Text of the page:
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Over the years, I’ve seen how the love between a couple can strengthen their spirituality and commitment to community service, and even heard stories from family friends about how their interracial marriages inspired relatives to overcome their racial biases and barriers.
These heartwarming and inspiring stories make me wonder: Do soulmates exist? And if they do, what is that exact moment when a person realizes that someone is the love of their life which they choose to spend eternity with? Did they experience an intense physical attraction, a strong emotional connection, a conscious awareness that this person had the spiritual qualities they have been looking for — or all of the above?
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Merriam-Webster defines “soulmate” as “a person who is perfectly suited to another in temperament.” Although the word “soulmate” doesn’t appear anywhere in the Baha’i writings, Baha’is do believe that spouses should be so united as if they’re a single soul, so their union will last forever. As Abdu’l-Baha, one of the central figures of the Baha’i Faith, wrote, “husband and wife should be united both physically and spiritually, that they may ever improve the spiritual life of each other, and may enjoy everlasting unity throughout all the worlds of God.”
With that in mind, I believe that God can lead us to our ideal match, if that is what we desire. I approach the concept of a soulmate as being the one you marry who you share a physical, emotional, and spiritual attraction and connection with. That’s why I decided to ask several Baha’i friends to share with me their stories of how and when they knew that they had met and found their “soulmates.”
An Instant Soul Connection: Hoda and Sam Hosseini
Fort Lauderdale, Florida residents Hoda and Sam Hosseini instantly knew that they had each found their soulmate when they met. They met in 1983 at a Baha’i gathering when they were each 23-years-old. Sam says he watched as Hoda got up on the podium and began speaking about the spiritual capacity of young people.
“I liked her energy and the way she was representing herself,” Sam says. “Everything about her spirit grabbed me — it attracted me. I asked my brother, ‘Who is she?’” and my brother said, ‘Don’t mess with her.’” But after learning a little more about Hoda, Sam told his brother, “I’m not going to be fooling around. She’s going to be my wife.”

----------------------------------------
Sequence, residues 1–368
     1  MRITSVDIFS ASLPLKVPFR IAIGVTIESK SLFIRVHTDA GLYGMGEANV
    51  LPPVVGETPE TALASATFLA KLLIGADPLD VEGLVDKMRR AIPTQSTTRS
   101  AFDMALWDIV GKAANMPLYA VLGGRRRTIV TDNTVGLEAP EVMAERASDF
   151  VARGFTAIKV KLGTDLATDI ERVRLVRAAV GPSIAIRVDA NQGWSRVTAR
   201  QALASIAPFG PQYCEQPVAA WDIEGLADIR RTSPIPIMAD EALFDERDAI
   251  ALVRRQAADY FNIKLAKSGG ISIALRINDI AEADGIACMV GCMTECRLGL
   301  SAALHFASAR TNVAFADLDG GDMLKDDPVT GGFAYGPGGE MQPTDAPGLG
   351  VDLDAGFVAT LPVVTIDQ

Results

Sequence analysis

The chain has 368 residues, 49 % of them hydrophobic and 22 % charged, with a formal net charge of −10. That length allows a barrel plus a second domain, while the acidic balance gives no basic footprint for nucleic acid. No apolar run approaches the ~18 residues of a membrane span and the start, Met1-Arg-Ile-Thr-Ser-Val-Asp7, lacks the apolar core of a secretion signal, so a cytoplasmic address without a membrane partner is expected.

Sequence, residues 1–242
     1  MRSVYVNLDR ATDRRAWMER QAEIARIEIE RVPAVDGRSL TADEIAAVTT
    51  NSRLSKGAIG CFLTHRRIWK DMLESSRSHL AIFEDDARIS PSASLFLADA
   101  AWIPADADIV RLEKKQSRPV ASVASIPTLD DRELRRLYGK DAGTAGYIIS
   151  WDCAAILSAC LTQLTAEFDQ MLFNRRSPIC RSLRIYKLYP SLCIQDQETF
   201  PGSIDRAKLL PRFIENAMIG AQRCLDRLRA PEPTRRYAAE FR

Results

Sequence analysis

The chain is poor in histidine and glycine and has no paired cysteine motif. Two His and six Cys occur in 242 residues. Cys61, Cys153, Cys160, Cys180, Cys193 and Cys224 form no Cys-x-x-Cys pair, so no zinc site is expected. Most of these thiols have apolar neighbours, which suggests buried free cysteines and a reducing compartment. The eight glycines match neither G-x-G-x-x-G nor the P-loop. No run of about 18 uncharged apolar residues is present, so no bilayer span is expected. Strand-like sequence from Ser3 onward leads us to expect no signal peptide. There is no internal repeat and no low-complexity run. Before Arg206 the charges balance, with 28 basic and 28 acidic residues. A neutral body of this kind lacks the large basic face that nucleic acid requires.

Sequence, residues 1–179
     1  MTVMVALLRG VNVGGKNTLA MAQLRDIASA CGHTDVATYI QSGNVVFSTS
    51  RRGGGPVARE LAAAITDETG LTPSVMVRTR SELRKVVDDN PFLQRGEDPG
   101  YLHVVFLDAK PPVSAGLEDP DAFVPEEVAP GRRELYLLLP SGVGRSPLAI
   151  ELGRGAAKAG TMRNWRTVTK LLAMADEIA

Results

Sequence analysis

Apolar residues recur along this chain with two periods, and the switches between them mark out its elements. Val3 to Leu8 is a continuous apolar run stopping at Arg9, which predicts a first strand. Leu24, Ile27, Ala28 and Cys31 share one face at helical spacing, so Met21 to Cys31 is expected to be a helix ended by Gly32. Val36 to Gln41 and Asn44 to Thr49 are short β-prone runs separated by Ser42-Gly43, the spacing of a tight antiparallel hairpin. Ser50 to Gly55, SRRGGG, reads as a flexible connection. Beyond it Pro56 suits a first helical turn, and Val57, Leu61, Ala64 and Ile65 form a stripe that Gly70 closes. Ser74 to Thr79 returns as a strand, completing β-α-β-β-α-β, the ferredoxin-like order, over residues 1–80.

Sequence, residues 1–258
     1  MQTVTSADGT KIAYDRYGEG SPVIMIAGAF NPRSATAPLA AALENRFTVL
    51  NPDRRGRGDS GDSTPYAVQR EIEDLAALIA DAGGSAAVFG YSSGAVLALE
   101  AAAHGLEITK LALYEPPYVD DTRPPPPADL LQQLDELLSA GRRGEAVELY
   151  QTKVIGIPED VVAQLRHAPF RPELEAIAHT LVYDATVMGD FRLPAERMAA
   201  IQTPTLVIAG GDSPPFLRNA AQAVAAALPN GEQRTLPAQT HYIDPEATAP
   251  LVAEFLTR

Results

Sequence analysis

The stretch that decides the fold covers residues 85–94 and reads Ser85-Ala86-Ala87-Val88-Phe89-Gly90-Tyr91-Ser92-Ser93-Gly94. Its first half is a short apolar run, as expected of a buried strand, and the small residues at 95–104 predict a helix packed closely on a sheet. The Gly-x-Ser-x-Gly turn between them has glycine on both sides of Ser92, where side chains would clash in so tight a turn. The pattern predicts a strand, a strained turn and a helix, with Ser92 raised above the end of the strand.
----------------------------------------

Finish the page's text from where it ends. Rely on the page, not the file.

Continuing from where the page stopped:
Hoda had a similar reaction when she first met Sam during one of the convention’s lunches. Her shoes were uncomfortable, and she was telling a friend about how her feet hurt. “And all of a sudden,” Hoda says, “I heard this guy say, ‘Yeah, if I was wearing high heel shoes like you, I would be in pain too. You should be wearing boots like me.’ And he had this Persian cowboy accent. I turned around and looked at him, and I saw his smile, and it’s just like my heart just sank. And then it was like, ‘Wow, he’s fine!’”
The first time Sam held her hand, they felt electricity. “We both got zapped,” Hoda says. “It was very special for both of us.”
“It was very clear that she is a strong character,” Sam says. “I’m a strong personality,” he adds. “I wanted someone that challenged me too to grow.”
Sam proposed to Hoda two weeks after meeting her on October 5, 1983, and they got married that following summer in 1984.
“You build your character, you develop your soul in your marriage, and you develop that unconditional love for another human being.” Sam says, “It’s something that will be eternal. It will last forever. It’s like fate.” So, when he asked himself which partner he would want to “go through the other worlds of God with,” he says he had one answer: “Definitely her.”
Becoming a Single Soul: Carmen and Culous Brown
The Baha’i writings say that God “made woman and man to abide with each other in the closest companionship, and to be even as a single soul. They are two helpmates, two intimate friends, who should be concerned about the welfare of each other.”
That describes Carmen and Culous Brown, a couple living in Nashville, who have been married for 34 years. They met in 1985 when he was 20, and she was 22. They worked at the same restaurant — she was a college student who worked as a server, and he was a cook. Carmen wrote in an email that Culous “told the other coworkers, ‘That’s gonna be my wife one day.’ And the other coworkers told him, ‘Man, you ain’t gonna get her, she’s a college student.’ So, one day he was sitting at a booth at work, and he asked, ‘Would I join him for lunch?’ So, I did, and we’ve been together ever since.”
Carmen and Culous got to know each other for a year and a half before getting married in 1987. After reflecting on what made her realize that Culous was the one for her, Carmen wrote, “They say you look for your father in your male spouse. I can see some of the qualities in him, such as a provider, a protector, a hard worker. And you also try to find that mate to heal parts of you that were not healed with your father. Now I can clearly see that. I have someone who will not leave, no matter how difficult it gets. I have someone here who loves me unconditionally and will not abandon me no matter how I try to go into myself.”
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“Because we were young, in our early twenties, we had to grow up together,” Carmen wrote. And because they “started out as true friends” and they accept each other, they’ve been able “to work through all the trials we ran into.” Carmen explains that they “stayed married through [the] loss of a child, loss of both of our fathers, accidentally cutting off three of his fingers, and we are going strong. We really love and care for each other. One of my husband’s childhood friends told us a month ago, ‘When you see one (me or my husband), you see the other,’ and that’s beautiful.”